Residual solvents are organic volatile chemicals used during the manufacturing process or generated during the production as vehicle, dissolution media or for granulation. Some solvents that are known to cause toxicity should be avoided in the production of bulk drugs. A selective gas chromatography (GC) method has been developed to determine the purity of acetone, dichloromethane, methanol and toluene. Using this method, the main contaminants of each organic solvent can be quantified.

5.5  Formulation Related Impurities
Many impurities in a drug product can originate from excipients used to formulate a drug substance. In addition, a drug substance is subjected to a variety of conditions in the process of formulation that can cause its degradation or have other undesirable reactions.Solutions and suspensions are inherently prone to degradation due to hydrolysis or solvolysis. Fluocinonide Topical Solution USP, 0.05%, in 60-mL bottles, was recalled in the United States because of degradation/impurities leading to sub- potency. In general, liquid dosage forms are susceptible to both degradation and microbiological contamination. Microbiological growth resulting from the growth of bacteria, fungi, and yeast in a humid and warm environment may results in unsuitability of an oral liquid product for safe human consumption.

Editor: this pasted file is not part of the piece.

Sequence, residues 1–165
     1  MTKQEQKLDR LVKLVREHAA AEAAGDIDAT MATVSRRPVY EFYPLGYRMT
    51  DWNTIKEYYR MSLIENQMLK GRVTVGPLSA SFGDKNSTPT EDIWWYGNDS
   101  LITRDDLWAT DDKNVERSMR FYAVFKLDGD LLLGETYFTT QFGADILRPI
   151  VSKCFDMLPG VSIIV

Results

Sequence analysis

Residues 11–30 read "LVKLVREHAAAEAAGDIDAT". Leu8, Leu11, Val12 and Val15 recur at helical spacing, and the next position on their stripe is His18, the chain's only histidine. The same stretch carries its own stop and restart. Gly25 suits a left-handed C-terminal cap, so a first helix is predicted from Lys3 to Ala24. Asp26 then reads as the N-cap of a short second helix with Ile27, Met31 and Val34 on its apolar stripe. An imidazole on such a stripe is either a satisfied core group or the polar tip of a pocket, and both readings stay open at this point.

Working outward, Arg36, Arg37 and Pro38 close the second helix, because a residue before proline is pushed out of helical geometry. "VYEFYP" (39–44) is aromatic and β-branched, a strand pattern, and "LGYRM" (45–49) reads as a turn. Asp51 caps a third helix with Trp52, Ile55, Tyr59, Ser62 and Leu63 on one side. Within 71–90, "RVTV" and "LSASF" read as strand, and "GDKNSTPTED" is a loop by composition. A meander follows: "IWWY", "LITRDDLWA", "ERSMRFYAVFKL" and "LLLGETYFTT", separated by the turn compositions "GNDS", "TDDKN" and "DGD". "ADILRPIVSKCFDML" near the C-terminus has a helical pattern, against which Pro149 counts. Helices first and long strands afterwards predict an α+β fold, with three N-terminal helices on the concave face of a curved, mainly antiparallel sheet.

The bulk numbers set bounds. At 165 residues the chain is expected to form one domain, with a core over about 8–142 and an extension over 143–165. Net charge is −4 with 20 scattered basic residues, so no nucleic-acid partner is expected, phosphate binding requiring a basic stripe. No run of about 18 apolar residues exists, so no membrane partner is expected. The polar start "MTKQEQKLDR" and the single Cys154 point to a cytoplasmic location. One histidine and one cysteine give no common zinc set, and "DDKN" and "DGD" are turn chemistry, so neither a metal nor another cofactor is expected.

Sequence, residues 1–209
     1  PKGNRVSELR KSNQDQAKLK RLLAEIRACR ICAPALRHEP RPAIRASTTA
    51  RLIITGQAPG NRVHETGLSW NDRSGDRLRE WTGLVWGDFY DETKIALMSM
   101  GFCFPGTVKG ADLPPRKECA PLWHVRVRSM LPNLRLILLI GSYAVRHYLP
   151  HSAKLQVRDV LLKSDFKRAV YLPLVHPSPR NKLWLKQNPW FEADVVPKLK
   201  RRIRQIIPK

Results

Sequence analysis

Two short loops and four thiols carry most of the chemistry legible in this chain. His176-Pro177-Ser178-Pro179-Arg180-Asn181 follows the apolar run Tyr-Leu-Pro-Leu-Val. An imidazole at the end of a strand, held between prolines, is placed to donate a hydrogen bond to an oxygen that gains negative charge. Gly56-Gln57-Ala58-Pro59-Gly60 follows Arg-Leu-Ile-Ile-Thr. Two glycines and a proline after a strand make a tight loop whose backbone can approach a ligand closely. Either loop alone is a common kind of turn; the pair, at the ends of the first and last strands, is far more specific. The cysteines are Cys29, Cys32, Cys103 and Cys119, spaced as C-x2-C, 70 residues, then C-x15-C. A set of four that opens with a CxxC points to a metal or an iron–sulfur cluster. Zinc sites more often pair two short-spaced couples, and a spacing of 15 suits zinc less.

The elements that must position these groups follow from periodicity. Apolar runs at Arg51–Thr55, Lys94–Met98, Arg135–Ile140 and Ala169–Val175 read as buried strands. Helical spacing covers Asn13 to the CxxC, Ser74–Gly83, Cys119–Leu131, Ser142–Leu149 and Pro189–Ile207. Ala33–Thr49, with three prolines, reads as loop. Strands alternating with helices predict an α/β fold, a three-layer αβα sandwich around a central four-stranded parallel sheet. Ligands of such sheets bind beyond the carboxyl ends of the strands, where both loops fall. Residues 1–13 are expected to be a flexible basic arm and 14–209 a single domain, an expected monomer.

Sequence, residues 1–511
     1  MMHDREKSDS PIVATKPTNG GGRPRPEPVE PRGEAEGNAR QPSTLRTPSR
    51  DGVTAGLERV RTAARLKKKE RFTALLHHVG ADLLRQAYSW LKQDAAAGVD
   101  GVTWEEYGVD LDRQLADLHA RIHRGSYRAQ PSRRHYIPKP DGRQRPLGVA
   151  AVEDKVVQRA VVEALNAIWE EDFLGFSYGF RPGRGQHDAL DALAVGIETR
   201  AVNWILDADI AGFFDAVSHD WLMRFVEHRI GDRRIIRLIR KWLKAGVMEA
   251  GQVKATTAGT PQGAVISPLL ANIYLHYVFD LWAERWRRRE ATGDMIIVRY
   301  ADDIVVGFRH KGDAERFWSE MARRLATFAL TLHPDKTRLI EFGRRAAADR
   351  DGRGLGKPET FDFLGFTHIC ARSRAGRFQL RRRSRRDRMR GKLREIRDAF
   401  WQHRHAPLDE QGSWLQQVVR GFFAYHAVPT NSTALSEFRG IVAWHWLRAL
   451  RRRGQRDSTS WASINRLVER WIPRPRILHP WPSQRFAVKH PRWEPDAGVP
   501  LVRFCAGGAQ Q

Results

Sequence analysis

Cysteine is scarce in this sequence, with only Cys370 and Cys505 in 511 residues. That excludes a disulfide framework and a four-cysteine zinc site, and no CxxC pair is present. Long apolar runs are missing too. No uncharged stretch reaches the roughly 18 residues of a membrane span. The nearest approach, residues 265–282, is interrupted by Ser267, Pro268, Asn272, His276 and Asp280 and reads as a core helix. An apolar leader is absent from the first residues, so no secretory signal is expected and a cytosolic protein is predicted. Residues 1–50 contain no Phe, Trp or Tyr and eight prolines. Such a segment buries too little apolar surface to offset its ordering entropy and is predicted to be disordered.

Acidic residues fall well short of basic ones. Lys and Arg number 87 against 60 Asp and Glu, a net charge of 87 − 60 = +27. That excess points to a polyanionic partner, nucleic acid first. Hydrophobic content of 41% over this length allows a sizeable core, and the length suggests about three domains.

5.6  Impurities During Storage
A number of impurities can originate during storage or shipment of drug products. It is essential to carry out stability studies to predict, evaluate, and ensure drug product safety.

5.7  Method Related Impurities
Due to deviation in pH and column temperature. Example:The intramolecular cyclic reaction of diclofenac sodium forming an indolinone derivative and sodium hydroxide.  The formation of this impurity has been found to depend on initial pH of the formulation.

5.8  Environmental
Effect of humidity, temperature, light.